Voice/Vision Holocaust Survivor Oral History Archive

Albert Fein - February 19, 2005

Escaping Kamenetz-Podolsk

And this was started already getting dark, and he says to us, "You eat how much you can. If you want, take it with you, and here is the road, go there. There are barracks where Russian military used to stay. Go there and, and stay overnight, and in the morning you can report to the commando, ??? commando." Uh, so we all went there. In the morning there was not too many left--especially those from Bukovina. They had disappeared overnight. So where they went, we don't know. Anyway, there was left about eighteen people. They was all from Hungary and they was all Jewish and they all said, "We are not Jewish," and they went to the Hungarian commando. And the Hungarian commandant, he had a family--a Jewish family. This mean a wife with two sons. Her husband was a, a wrestler champion in Budapest. This was his friend--the general's. He was not a general, he was a colonel. So, he says, "Okay, I, I know you are Christians and I'll make out everybody--I make for you papers," and he made papers. Only the problem was why he made those papers? He want those--this lady with the two sons to send out in a group. So he made out the paper only we couldn't get to the Dniester by the border from Galicia to the UK. You can't get through if the Germans does not permit us. So we have to make sure that the Germans put stamp on it, you know? Not stamped--and he did it. First my mom--she spoke German, so she's the one who, who knew the whole business and they went to the commandant too, and the commandant says, "I can't give you now the thing because tomorrow morning, will be here a doctor and he will check all the mens--make sure that all the mens came here--we will, uh..."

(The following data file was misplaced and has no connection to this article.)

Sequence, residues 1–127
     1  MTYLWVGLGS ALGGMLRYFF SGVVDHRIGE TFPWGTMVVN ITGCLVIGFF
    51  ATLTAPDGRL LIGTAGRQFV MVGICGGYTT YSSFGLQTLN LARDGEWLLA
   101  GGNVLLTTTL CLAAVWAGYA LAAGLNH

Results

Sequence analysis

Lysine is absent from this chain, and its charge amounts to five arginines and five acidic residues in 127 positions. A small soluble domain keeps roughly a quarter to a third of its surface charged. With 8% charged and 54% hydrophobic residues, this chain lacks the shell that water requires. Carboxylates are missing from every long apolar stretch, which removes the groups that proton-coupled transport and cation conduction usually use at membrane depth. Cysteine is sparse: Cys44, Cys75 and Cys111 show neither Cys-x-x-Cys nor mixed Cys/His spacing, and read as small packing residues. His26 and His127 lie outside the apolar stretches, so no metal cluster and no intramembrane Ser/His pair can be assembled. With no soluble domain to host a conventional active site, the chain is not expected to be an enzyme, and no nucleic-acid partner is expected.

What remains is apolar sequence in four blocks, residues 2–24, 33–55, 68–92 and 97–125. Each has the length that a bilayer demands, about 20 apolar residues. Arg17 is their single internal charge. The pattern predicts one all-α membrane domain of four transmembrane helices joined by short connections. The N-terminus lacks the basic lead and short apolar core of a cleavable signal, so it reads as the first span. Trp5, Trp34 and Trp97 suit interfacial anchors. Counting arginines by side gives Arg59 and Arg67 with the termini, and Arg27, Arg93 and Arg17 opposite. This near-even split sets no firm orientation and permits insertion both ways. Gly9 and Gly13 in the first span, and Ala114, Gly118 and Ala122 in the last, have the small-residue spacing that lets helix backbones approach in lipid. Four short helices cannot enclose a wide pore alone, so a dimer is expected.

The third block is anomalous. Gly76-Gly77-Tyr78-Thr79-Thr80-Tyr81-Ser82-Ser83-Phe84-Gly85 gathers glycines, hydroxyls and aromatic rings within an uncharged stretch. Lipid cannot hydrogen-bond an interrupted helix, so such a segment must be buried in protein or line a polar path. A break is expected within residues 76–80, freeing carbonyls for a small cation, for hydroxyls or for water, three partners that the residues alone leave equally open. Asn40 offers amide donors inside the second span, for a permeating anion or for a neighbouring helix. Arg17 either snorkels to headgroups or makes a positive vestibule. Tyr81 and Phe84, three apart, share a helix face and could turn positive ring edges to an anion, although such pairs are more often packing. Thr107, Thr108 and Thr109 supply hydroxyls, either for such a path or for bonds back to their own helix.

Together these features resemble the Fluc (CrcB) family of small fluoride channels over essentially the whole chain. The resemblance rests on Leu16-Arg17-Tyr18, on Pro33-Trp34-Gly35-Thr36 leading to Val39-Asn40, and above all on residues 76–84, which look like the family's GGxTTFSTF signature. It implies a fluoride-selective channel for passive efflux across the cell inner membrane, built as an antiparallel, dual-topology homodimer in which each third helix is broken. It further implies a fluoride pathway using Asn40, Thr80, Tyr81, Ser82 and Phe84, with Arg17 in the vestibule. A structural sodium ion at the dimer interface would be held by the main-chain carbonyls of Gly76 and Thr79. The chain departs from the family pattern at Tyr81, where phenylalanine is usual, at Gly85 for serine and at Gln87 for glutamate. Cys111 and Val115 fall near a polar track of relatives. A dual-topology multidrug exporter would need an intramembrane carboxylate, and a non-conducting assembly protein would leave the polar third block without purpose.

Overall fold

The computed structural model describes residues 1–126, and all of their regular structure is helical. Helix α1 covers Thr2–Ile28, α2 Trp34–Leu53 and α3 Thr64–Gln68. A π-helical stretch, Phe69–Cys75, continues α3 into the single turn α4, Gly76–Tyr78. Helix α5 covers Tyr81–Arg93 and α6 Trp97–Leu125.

They're not Jewish.


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